There’s no “one-size-fits-all” hamster wheel. You certainly would not want to buy a ginormous gizmo for your fluffy friend if it’s a dwarf hamster. Likewise, those bigger hamsters won’t do well with a wheel that’s too small for them. Hamster wheels are like a pair of shoes. The shoes must fit correctly and be made of quality materials to serve their purpose. 

Things To Consider When Choosing A Hamster Exercise Wheel

hamster wheel selection

Trying to find the perfect wheel for your little furry friend can be a bit daunting. There are various types out there on the market that are made of different materials, and all range at different prices!

To ensure your hamster gets the best in a wheel, we’ve given you a few things to consider when shopping around. 


A wheel should be size-specific for a hamster. If there is arching of the back while the hamster is on the wheel running, it’s too small. The hamster’s back should be horizontally straight when running. For those sweet little dwarf hamsters, bigger is not better. Likewise, larger hamsters need ample room. For example, the Syrian hamster wheel size should comfortably accommodate one without arching of the back.

Ideal wheel sizes for hamsters:

  • For dwarf hamster species (Campbell’s, Roborovski, Djungarian) — 6-8 inches 
  • For larger hamster breeds (Syrian) — 8-12 inches minimum

Quality and Craftsmanship

If you have a chewer on your hands, it’s essential to pay close attention to the materials of a wheel. Those chewers can easily destroy wheels made of cheap plastic or even wood. Sometimes metal is best. Also, just because a wheel costs more does not mean it’s the best in quality.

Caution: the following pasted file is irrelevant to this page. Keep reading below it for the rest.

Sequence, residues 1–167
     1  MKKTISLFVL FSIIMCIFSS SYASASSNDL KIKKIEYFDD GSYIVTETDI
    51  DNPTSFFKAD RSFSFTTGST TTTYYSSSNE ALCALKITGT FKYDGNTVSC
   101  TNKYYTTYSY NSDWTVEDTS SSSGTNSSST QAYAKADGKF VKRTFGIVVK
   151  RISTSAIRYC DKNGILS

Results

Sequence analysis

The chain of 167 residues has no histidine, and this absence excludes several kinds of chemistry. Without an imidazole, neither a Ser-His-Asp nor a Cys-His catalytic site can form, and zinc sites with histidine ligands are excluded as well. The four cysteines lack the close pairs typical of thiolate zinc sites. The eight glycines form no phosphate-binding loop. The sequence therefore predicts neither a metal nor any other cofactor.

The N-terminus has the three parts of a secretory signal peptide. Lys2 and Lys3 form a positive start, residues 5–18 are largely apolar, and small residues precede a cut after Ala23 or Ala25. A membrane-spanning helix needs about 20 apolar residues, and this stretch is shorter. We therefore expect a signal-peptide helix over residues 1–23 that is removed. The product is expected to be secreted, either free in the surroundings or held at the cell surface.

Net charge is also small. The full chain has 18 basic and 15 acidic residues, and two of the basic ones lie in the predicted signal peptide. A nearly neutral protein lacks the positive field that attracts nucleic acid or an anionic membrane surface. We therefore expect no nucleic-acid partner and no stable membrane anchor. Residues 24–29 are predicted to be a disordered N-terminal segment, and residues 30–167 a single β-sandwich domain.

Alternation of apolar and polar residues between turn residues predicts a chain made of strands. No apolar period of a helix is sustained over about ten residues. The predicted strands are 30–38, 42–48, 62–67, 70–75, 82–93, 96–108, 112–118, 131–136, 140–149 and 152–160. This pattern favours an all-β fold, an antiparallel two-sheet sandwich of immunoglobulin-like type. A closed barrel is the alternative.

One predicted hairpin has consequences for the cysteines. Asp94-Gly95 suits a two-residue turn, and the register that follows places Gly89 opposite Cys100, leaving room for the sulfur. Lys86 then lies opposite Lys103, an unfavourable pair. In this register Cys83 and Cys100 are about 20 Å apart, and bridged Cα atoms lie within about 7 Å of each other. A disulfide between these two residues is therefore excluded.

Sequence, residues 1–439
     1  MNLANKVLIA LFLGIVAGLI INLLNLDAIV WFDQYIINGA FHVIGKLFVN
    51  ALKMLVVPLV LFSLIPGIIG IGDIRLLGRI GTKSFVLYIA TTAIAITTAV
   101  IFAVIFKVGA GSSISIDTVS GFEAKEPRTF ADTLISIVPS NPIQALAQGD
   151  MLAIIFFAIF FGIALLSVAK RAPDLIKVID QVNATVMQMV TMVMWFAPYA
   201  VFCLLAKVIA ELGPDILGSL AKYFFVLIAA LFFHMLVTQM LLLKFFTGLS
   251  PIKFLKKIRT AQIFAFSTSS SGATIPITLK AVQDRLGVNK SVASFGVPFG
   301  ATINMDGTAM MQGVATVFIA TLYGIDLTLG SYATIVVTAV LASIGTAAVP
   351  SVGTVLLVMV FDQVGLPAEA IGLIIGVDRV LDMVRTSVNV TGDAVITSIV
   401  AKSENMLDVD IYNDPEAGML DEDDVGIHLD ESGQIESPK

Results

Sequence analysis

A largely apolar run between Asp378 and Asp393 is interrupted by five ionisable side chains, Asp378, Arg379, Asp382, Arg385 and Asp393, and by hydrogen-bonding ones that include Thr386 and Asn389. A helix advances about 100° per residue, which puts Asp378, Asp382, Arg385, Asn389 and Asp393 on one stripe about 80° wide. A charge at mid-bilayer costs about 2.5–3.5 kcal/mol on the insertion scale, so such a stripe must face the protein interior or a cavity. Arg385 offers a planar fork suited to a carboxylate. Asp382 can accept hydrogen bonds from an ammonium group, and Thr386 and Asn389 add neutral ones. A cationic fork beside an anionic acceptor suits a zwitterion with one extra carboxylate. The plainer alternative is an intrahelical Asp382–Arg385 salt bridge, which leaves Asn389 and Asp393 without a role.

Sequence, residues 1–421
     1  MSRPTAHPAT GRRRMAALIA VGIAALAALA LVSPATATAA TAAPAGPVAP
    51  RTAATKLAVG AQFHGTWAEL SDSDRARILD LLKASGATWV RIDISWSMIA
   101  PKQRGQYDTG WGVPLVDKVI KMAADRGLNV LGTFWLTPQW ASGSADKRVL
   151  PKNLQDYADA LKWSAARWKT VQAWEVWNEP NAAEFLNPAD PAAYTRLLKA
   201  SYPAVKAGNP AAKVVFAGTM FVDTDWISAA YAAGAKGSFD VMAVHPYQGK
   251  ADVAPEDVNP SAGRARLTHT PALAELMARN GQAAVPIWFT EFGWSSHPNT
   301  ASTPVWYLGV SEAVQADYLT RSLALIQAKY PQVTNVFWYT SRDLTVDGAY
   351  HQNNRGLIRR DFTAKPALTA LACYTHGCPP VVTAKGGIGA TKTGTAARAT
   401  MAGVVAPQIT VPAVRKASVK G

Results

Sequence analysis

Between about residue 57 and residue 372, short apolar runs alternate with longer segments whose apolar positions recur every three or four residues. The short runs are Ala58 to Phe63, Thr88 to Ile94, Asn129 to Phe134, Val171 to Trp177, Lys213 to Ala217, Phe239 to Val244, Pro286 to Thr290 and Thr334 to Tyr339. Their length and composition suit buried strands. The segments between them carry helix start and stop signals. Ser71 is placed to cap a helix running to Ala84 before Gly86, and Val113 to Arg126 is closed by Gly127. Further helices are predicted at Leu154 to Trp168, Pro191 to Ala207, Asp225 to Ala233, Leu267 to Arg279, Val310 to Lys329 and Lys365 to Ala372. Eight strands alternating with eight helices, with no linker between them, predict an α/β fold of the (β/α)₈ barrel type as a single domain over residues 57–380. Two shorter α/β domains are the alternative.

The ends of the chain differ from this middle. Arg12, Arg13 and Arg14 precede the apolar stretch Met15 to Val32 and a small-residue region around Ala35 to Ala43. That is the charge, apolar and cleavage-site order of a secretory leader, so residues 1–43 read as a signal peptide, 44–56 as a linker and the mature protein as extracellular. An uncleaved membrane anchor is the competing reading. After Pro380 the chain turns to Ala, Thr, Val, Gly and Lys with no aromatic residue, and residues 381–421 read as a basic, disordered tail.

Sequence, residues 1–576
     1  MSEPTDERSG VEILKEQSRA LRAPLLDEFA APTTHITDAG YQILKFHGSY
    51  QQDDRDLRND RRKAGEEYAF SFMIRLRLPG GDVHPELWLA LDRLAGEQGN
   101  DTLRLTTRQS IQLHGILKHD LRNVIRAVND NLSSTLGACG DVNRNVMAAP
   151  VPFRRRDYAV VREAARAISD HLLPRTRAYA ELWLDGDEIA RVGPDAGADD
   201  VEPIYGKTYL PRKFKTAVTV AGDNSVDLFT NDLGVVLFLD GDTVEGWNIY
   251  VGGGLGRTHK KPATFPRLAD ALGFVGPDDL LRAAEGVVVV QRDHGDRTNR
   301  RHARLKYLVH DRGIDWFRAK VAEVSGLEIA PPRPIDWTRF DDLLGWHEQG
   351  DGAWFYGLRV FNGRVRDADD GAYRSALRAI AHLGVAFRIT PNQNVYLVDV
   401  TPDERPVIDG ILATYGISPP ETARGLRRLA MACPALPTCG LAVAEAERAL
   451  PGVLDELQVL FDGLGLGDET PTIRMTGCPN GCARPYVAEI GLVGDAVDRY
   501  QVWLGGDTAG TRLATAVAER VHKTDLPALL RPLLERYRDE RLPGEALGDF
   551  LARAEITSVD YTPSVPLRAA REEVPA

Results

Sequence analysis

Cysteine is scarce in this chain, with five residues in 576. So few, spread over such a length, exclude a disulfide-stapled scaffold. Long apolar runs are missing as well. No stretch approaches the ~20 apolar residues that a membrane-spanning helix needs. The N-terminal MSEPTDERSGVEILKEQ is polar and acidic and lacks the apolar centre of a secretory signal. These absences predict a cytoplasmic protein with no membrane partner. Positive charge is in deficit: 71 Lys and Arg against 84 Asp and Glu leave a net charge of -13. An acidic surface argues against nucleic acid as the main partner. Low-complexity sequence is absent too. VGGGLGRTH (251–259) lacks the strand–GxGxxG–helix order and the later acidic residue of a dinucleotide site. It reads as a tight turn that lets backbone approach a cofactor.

Potential Noise 

The last thing any hamster parent wants to hear in the middle of the night is the incessant squeaking of Fluffy enjoying their hamster wheel. The materials that go into making the different types of hamster wheels make the world of difference in noise. A silent hamster wheel is, of course, the best.

Types Of Hamster Wheels

Now we get into the “meat and potatoes” of hamster wheels. As we explore the different types, keep in mind what is best to meet your hamster’s unique needs. 


Metal wheels have been around for a very long time and are the most commonly used. 

Cost: $ – $$$
Pros And Cons
  • There’s a wide range in pricing that fits all budgets.
  • The metal materials are ideal for hamsters that tend to chew.
  • Metal is known to be far sturdier compared to plastic or wood.
  • Stainless steel wheels are made with ball-bearings that muffle any noise.
  • The structure of the base attachment to the wheel leaves small openings where hamsters can get caught, causing injury or death.
  • Metal tends to be noisy, especially with wear and tear.

Plastic Hamster Wheel

Many hamster parents purchase plastic wheels because of the array of color options, designs, sizes, and affordability. While most plastic wheels are upright, some are known as “saucer” wheels that slant sideways with a completely open area to run in.